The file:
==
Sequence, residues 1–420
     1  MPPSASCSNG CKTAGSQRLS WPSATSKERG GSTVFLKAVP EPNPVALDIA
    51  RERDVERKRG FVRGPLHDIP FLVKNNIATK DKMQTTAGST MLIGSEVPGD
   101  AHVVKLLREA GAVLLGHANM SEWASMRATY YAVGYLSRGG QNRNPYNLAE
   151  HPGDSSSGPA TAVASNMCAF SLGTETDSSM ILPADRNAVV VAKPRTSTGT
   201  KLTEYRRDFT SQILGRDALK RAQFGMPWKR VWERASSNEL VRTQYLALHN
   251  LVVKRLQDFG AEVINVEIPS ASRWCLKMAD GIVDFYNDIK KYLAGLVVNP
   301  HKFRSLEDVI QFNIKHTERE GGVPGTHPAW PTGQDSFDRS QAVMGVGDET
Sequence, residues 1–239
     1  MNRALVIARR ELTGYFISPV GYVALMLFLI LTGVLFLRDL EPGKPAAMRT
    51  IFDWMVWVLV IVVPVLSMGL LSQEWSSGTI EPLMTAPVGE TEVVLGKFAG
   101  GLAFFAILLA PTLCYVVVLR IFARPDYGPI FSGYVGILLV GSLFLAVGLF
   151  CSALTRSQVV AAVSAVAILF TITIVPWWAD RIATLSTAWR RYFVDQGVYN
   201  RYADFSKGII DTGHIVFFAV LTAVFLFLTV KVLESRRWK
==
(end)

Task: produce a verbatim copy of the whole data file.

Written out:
Sequence, residues 1–420
     1  MPPSASCSNG CKTAGSQRLS WPSATSKERG GSTVFLKAVP EPNPVALDIA
    51  RERDVERKRG FVRGPLHDIP FLVKNNIATK DKMQTTAGST MLIGSEVPGD
   101  AHVVKLLREA GAVLLGHANM SEWASMRATY YAVGYLSRGG QNRNPYNLAE
   151  HPGDSSSGPA TAVASNMCAF SLGTETDSSM ILPADRNAVV VAKPRTSTGT
   201  KLTEYRRDFT SQILGRDALK RAQFGMPWKR VWERASSNEL VRTQYLALHN
   251  LVVKRLQDFG AEVINVEIPS ASRWCLKMAD GIVDFYNDIK KYLAGLVVNP
   301  HKFRSLEDVI QFNIKHTERE GGVPGTHPAW PTGQDSFDRS QAVMGVGDET
Sequence, residues 1–239
     1  MNRALVIARR ELTGYFISPV GYVALMLFLI LTGVLFLRDL EPGKPAAMRT
    51  IFDWMVWVLV IVVPVLSMGL LSQEWSSGTI EPLMTAPVGE TEVVLGKFAG
   101  GLAFFAILLA PTLCYVVVLR IFARPDYGPI FSGYVGILLV GSLFLAVGLF
   151  CSALTRSQVV AAVSAVAILF TITIVPWWAD RIATLSTAWR RYFVDQGVYN
   201  RYADFSKGII DTGHIVFFAV LTAVFLFLTV KVLESRRWK